Elmore Leonard’s thirty-first novel has the kind of raffish characters, surprising turns of events and mordant comments on the contemporary scene that his readers have learned to expect. In PRONTO, an aging Miami bookie named Harry Arno is framed by federal agents trying to snare bigger crooks. After narrowly escaping an assassin sent by the mob boss he reports to, Harry flees to Italy, trying to avoid the Zip, a Sicilian killer determined to get him as a matter of honor.
Harry’s flight to the supposedly secret destination of Rapallo attracts a virtual army of followers. The Zip arrives to be greeted by a large group of cooperative Mafiosi. Harry’s girl friend, a topless dancer named Joyce Patton, tries to sneak her way from Miami to Harry’s villa when he summons her. She is shepherded from the airport by Robert Gee, an American veteran who has signed on to be Harry’s cook and bodyguard. She is followed by Raylan Givens, a U.S. Marshal; Harry had twice given Givens the slip when the Marshal was assigned to guard him, but Givens does not resent this. He wants to bring Harry back to Miami, where the charges against him have been dropped.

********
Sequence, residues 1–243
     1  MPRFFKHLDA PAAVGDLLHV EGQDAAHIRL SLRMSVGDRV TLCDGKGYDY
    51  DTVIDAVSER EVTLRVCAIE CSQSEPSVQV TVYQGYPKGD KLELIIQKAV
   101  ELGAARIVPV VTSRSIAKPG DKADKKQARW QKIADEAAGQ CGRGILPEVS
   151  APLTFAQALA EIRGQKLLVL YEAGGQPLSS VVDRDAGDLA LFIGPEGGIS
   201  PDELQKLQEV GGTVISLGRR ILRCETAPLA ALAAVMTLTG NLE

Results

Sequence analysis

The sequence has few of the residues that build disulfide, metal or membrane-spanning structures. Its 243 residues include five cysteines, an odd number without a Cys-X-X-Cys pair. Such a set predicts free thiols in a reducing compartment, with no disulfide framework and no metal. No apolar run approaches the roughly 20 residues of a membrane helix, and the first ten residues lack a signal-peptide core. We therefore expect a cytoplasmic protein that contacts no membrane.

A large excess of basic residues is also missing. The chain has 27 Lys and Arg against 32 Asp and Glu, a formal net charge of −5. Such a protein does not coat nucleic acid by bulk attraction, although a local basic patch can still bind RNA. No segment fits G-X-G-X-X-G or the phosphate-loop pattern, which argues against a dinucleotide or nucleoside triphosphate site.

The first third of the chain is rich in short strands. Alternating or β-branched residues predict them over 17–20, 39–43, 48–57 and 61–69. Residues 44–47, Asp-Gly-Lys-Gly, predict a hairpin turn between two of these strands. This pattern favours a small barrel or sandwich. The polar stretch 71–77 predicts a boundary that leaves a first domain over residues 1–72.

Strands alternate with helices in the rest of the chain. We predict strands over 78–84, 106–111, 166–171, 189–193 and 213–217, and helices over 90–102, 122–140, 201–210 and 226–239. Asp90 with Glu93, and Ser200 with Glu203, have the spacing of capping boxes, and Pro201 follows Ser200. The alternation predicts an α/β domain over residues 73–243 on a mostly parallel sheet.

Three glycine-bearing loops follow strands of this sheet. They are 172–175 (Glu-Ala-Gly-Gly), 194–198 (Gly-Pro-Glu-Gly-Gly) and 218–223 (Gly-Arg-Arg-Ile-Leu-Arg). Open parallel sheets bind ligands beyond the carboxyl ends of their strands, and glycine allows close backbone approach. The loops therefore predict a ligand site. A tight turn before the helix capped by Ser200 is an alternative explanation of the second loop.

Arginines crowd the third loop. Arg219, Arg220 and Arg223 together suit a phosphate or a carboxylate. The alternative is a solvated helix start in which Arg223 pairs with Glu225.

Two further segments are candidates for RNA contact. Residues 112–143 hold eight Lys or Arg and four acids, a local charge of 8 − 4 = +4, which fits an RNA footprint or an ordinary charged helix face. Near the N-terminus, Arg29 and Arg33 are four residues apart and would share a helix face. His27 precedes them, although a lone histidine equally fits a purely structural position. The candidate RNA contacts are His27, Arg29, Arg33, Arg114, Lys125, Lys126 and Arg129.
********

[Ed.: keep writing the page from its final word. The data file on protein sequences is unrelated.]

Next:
The action in Rapallo is complicated and violent. Givens, who has seemed somewhat dim, turns out to be more clever than any of the other characters suspect, and is a gunfighter worthy of the old Western tradition of U.S. Marshals. The action ends in Miami, in a further outburst of violence and an ironic distribution of characters. Elmore Leonard’s reputation as one of the best writers of offbeat crime fiction remains secure.